More recently, scholarly discussion of the Homeric question has centered on the theory of oral-formulaic composition. According to this theory, the elaborate system of poetic diction found in the Homeric epics was developed over many generations by bards who performed the poems for aristocratic patrons. Since writing was not yet common and since the oral epics developed before the advent of writing, these bards had to perform without the aid of a written text. However, instead of composing and memorizing fixed works, they built up over time a vast stock of verbal formulas that enabled them to improvise long poems on heroic topics more or less spontaneously. These formulas extended from short phrases in the Homeric epics, such as “swift-footed Achilles,” to long scenes that depict repeated or stereotypical actions, such as the arming of a warrior, a duel, or the eating of a meal. The poet was free to alter or recombine elements of the longer formulas to suit the context.
No one view on the Homeric question has prevailed, but it is fair to say that practically all commentators would agree that tradition had a great deal to do with the poems’ composition and that each epic bears evidence that suggests a single final creator. Meanwhile, archaeological discoveries of the last 125 years, especially those of German archaeologist Heinrich Schliemann, have shown that some aspects of the civilization Homer described were not entirely fictional. Homer preserves isolated elements of the society of Troy at the time of the Trojan War, but for the most part the Homeric epics preserve an idealized view of the aristocratic society of the 8th century bc. The epics, therefore, can be considered historical documents to a certain extent, and discussion of this facet of them has constantly been intertwined with the debate on the question of their creation.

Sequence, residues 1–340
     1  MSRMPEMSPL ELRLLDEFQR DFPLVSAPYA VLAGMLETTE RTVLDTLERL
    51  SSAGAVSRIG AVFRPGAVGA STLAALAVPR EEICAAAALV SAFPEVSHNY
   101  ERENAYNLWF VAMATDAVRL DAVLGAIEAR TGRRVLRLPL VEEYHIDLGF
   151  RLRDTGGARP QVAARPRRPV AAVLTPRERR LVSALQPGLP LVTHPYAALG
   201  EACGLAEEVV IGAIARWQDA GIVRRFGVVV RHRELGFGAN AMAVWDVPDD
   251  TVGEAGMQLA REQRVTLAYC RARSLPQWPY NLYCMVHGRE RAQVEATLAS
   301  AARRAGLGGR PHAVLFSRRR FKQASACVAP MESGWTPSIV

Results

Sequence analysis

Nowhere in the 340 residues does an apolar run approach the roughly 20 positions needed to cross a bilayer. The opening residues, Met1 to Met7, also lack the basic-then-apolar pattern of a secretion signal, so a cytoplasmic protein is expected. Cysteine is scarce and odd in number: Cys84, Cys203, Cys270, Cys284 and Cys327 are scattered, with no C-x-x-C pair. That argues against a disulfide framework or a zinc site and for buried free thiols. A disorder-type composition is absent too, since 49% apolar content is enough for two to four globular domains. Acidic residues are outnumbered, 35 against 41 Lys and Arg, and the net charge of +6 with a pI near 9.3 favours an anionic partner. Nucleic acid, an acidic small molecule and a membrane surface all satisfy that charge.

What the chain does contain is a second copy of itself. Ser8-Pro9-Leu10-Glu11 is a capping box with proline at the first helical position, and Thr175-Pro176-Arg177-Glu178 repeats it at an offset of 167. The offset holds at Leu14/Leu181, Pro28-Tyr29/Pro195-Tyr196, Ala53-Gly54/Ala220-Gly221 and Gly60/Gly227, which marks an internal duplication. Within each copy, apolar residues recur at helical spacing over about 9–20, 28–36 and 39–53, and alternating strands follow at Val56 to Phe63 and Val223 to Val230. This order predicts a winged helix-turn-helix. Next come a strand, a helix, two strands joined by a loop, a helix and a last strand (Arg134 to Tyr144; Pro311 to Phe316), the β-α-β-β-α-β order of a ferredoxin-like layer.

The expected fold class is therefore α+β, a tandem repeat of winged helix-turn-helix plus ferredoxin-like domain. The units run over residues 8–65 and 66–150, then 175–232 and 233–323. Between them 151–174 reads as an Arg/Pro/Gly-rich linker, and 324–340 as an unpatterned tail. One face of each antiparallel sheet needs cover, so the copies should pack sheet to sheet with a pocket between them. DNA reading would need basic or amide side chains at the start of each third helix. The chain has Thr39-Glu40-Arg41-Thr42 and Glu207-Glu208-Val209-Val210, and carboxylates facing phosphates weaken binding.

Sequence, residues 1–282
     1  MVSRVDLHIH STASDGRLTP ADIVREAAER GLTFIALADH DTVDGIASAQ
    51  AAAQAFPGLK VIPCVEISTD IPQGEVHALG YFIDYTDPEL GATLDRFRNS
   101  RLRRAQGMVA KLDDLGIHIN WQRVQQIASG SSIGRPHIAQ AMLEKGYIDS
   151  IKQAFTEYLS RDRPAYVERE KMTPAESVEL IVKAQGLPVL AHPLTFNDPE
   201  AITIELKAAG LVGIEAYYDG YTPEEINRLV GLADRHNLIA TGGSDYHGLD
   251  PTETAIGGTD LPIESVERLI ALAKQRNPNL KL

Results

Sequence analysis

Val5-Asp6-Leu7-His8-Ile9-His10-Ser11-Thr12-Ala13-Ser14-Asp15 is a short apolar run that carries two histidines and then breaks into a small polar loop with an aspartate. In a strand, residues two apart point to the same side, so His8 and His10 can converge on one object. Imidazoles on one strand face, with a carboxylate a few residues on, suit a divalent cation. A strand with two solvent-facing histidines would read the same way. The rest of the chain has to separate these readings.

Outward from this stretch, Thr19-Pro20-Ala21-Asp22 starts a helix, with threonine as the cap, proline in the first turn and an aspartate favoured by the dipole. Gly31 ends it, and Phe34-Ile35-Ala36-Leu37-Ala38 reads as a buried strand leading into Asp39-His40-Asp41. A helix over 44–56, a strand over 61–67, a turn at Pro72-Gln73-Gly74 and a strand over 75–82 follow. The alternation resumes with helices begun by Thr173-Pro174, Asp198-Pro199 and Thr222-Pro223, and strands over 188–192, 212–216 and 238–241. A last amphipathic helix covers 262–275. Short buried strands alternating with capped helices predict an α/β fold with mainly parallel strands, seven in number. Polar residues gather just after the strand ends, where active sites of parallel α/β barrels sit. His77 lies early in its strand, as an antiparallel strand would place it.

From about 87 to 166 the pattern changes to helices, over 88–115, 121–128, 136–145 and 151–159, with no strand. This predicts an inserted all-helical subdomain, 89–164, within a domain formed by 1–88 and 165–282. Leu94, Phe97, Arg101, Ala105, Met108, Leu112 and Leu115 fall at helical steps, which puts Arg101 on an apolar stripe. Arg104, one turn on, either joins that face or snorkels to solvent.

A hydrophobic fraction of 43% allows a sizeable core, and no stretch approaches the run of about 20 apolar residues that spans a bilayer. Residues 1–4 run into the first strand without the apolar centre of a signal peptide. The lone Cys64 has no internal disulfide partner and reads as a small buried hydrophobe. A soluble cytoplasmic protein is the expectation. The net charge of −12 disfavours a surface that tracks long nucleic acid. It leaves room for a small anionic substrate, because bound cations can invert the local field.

In a direct way Homer was the parent of all succeeding Greek literature. Drama, historiography, and even philosophy all show the mark of the issues, comic and tragic, raised in the epics and of the techniques Homer used to approach them. For the later epic poets of Western literature, Homer was the greatest influence (even when, as in the case of Italian poet Dante Alighieri, the poets did not know the works of Homer directly). But for his most successful followers, curiously enough, his work was as much a critical and comic target as a model. The Aeneid of Roman poet Virgil, for instance, is a refutation of the individualistic value system of the Homeric epic; and the most Homeric scenes in Paradise Lost, by English poet John Milton—those stanzas describing the battle in heaven—are essentially comic. As for novels, such as Don Quixote (Part I, 1605; Part II, 1615), by Spanish writer Miguel de Cervantes, or Ulysses (1922), by Irish writer James Joyce, the more Homeric they are, the more they lean toward parody and mock epic.
Among English translations of Homer, the versions of George Chapman (1616) and Alexander Pope (Iliad, 1715-1720; Odyssey, 1725-1726) stand out as permanent classics. In contemporary English verse, the reader can choose among several versions, including the highly literal renditions (1951, 1967) of American poet Richmond Lattimore and the versions (1961, 1974) of Robert Fitzgerald, another American poet, which tend to be freer and are often considered more readable. The Iliad (1990) and The Odyssey (1996) of American poet and translator Robert Fagles find a middle ground between Lattimore and Fitzgerald. More recently, Stanley Lombardo, professor of classics at the University of Kansas, has produced translations of the Iliad (1997) and Odyssey (2000) in a fast-paced, modern idiom based on his own performances of the epics.